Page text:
38. “She wants to own a firearm to protect herself, but is concerned about her children’s safety with a gun in the house” – Children are going to be children. They will eventually find a way to do something to a “smart” gun. If they don’t, they will just end up hiding it somewhere. The best course of action with children and guns is to teach them gun safety and responsibility early on (and also keep a trigger well lock for a while until they are responsible enough). When old enough, train them so that said children know how to operate a gun safely. Trying to hide or prevent children from getting near a gun will only build curiosity. The more curiosity you build up in children, the more they will want to be around said gun(s). As an example, there are 10 to 13 year olds – some are on youtube – who have more firearm discipline than some adults. This says a lot about training and establishing discipline early on. The best possible safety in regard to this situation is to make your kid(s) smart; not the gun.

    On the topic of smart guns: What can be locked electronically, can be taken away electronically. Americans might already be using other smart devices, but truth be told, those other smart devices will not be there when you find yourself in a life or death situation.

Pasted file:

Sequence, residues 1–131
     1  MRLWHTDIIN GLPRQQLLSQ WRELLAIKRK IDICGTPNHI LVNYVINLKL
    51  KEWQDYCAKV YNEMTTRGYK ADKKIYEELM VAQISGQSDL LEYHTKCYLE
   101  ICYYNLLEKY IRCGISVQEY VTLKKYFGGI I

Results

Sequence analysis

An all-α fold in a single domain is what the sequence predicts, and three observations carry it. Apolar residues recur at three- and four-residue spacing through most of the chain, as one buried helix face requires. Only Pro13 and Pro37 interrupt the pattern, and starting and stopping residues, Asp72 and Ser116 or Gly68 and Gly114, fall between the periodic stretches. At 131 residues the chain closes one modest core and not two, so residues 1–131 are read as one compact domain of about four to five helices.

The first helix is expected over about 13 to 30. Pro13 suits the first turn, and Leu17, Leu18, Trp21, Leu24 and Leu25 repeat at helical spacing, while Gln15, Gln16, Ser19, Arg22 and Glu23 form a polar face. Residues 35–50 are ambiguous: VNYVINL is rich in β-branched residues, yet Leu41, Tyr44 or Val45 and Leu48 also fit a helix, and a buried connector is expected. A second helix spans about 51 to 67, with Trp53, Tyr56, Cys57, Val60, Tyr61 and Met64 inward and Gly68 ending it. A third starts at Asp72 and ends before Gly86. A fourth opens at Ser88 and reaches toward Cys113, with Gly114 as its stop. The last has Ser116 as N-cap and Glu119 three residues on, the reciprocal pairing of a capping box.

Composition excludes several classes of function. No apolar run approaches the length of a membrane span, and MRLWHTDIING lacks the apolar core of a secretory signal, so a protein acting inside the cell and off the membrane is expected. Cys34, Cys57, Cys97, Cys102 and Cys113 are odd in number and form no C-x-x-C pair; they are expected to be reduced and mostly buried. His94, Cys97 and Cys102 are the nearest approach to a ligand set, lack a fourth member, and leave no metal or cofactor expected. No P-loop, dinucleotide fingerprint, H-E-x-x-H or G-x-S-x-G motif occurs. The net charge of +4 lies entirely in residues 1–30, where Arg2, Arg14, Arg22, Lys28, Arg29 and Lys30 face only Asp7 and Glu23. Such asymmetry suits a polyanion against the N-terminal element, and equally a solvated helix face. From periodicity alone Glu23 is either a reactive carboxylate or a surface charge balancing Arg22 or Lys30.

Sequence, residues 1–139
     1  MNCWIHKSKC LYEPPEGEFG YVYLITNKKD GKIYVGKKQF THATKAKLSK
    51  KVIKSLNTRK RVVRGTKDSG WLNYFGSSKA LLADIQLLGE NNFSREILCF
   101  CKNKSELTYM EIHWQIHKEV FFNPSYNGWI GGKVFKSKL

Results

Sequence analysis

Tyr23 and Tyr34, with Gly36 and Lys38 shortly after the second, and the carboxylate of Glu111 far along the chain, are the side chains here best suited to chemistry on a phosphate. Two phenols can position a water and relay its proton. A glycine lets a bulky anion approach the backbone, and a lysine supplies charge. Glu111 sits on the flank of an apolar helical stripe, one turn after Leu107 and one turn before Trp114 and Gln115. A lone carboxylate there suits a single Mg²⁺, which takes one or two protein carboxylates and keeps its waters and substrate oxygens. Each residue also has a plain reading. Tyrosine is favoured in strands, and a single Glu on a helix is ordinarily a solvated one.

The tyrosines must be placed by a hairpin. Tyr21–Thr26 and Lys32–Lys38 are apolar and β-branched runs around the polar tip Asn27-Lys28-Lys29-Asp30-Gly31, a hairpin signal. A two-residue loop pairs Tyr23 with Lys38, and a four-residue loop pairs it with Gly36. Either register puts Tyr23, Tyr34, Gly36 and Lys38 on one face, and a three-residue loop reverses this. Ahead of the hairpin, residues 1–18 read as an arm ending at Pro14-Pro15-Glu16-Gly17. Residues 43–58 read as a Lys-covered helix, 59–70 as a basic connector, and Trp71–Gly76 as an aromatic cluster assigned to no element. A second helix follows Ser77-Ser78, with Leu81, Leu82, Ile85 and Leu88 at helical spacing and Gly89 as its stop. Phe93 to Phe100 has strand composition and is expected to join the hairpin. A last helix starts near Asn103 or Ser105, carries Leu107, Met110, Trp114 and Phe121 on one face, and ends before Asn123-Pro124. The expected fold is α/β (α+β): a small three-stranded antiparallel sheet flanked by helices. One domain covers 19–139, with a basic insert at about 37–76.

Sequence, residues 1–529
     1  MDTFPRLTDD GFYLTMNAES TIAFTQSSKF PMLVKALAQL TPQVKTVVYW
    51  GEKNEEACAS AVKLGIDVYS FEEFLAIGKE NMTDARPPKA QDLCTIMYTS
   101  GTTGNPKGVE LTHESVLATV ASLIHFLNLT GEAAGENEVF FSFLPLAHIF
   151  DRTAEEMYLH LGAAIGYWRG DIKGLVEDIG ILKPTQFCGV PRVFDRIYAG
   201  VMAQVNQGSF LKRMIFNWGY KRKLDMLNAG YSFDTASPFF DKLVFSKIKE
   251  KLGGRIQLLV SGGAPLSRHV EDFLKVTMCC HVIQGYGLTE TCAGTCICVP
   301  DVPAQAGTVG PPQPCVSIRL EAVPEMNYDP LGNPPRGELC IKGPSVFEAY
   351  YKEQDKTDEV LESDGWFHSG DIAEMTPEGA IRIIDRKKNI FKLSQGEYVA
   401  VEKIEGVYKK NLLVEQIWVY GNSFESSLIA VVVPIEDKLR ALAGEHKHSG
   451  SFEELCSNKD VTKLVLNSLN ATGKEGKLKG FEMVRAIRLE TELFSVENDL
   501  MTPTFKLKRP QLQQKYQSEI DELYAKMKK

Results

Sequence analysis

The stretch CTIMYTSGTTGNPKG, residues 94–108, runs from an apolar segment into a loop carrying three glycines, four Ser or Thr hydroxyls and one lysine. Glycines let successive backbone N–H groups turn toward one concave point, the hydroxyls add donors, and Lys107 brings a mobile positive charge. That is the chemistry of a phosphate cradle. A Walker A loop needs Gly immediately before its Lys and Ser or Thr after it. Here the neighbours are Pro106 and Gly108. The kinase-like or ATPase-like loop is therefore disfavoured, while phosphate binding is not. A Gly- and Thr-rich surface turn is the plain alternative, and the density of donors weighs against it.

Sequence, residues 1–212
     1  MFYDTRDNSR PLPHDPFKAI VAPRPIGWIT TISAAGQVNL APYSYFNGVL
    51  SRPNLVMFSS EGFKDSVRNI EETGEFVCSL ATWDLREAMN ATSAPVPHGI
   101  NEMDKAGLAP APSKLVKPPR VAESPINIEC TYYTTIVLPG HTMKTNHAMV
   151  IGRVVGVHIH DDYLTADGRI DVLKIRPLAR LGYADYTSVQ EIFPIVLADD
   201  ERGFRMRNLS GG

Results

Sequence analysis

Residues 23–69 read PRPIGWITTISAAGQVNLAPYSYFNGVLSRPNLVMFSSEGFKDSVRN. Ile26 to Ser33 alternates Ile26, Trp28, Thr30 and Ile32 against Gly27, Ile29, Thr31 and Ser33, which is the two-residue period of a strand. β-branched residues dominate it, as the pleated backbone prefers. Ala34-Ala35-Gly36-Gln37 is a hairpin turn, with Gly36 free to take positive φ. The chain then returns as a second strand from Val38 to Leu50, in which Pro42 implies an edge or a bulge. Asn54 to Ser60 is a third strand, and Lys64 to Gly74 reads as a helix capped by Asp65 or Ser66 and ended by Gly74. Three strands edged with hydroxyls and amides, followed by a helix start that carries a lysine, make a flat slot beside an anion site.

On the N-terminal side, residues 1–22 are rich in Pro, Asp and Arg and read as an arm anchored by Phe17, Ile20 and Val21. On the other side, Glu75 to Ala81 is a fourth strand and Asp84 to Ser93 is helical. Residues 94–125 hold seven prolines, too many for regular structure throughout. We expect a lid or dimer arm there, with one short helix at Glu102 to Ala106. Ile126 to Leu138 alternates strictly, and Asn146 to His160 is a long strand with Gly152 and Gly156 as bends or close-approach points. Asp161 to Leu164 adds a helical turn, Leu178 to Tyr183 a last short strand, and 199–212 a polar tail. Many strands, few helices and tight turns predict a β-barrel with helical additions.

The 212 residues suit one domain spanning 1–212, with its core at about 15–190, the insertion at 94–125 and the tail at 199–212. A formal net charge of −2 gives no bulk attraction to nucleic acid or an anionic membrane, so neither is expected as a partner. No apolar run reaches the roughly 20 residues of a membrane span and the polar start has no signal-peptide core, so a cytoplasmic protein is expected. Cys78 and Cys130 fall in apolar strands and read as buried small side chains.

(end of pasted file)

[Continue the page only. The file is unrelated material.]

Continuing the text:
39. I’m going to echo what others have said already.

    If not for stupid laws, I’d be all for seeing smart guns on the market, available to those with the interest in buying them.

  40. what about the likely ease of reverse engineering and disabling these mechanisms?

    i have looked at the armitix patents and they are a few minutes to disable in all probability. i will take the pepsi challenge against your trigger packs any time. inevitably they will keep no one but perhaps small children from being able to fire a stolen gun and your millions in research and development will unravel on youtube.

  41. I want to drive my car, not let a robot do it. Don’t want a robot firearm either. Stupid people doing stupid things with cars or firearms and blaming it on the objects is insane. Blaming crime on those that had nothing to do with it is absolutely insane. There is no way to make a ‘smart gun’ smart as long as there are people involved.